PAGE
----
We’ve all experienced it, haven’t we? We buy a car and suddenly, we see our car’s model everywhere on the road. We notice what we have on our mind. This is true in all of life.
On a recent trip to Israel, one man on our bus mentioned he saw beehives everywhere. Really? Beehives? I had never noticed. He was a beekeeper. We see what we’re thinking about.
- As a woodworker, I notice furniture everywhere I go—whether it’s made well or not.
- My daughter always notices a person’s shoes first.
- A girl-crazy guy walks in a room and in five seconds has the most beautiful girl pegged.
What you focus on will be what you see. It’s how God made us—regardless of how we use that ability. What do you see in these key areas of your life?
- Your job
- Your spouse
- Your children
- Your parents
- Your church
- Your life in general
Be honest. When you think about each of these areas, are your initial thoughts positive or negative?
What do you see?
See What You’re Looking For
It’s easy to see all that’s wrong about life—including the “wrongs” that simply reflect our disappointments with how life “ought to be.” You will see what you’re looking for in these key areas. If you focus on the negatives, well, that’s what you’ll see.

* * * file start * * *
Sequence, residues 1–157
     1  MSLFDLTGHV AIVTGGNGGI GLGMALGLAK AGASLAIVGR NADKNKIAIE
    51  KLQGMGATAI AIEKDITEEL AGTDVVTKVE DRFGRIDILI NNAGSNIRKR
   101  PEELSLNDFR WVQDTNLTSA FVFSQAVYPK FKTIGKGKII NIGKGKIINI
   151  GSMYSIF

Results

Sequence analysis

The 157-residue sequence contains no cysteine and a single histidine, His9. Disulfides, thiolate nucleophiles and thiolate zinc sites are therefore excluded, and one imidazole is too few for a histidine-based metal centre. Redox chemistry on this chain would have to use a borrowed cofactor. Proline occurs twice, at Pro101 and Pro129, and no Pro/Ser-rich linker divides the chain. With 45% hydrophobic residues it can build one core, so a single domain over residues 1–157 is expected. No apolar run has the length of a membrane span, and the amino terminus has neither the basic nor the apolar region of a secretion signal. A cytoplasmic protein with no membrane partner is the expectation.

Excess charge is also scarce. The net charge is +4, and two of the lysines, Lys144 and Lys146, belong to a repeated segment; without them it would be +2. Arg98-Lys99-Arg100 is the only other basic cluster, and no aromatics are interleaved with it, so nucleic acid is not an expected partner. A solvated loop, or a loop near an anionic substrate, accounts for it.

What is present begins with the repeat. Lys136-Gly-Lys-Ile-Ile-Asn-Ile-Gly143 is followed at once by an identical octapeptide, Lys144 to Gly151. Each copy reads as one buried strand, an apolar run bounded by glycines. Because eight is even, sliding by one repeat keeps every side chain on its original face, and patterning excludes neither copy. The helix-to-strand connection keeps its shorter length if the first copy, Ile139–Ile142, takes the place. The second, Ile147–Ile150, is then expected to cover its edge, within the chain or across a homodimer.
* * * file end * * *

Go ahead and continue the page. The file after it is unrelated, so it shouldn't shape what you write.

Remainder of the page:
In fact, it’s all you’ll see.
Try something different for a change.
Whatever is true, whatever is honorable, whatever is right, whatever is pure, whatever is lovely, whatever is of good repute, if there is any excellence and if anything worthy of praise, dwell on these things. —Philippians 4:8
If you want to see positive qualities in people or situations, you can do something today that will help: “Dwell on these things.”
What You Focus On is What You’ll See
“Dwell on these things.” Start looking for what you want to see.
- Catch your children doing something “worthy of praise” and tell them. Affirm the behavior you desire.
- Determine to focus on the “honorable” qualities of your spouse, rather than all those petty disappointments that fog your mind.
- Find something of “excellence” in your workplace, and point it out to your coworkers and your boss.
I know, I know. You have true hurts. Your spouse has major flaws. Your children could be better. Your boss just doesn’t get it.
I get it.
But all of those negatives notwithstanding, there are positives you are missing by dwelling on the negatives all the time.
When you think about it, nobody can “Dwell on these things” but you. Determine today—and every day—to find something good and to speak it.
Start looking at what you want to see.
Tell me what you think: What helps you dwell on the positives? To leave a comment, just click here.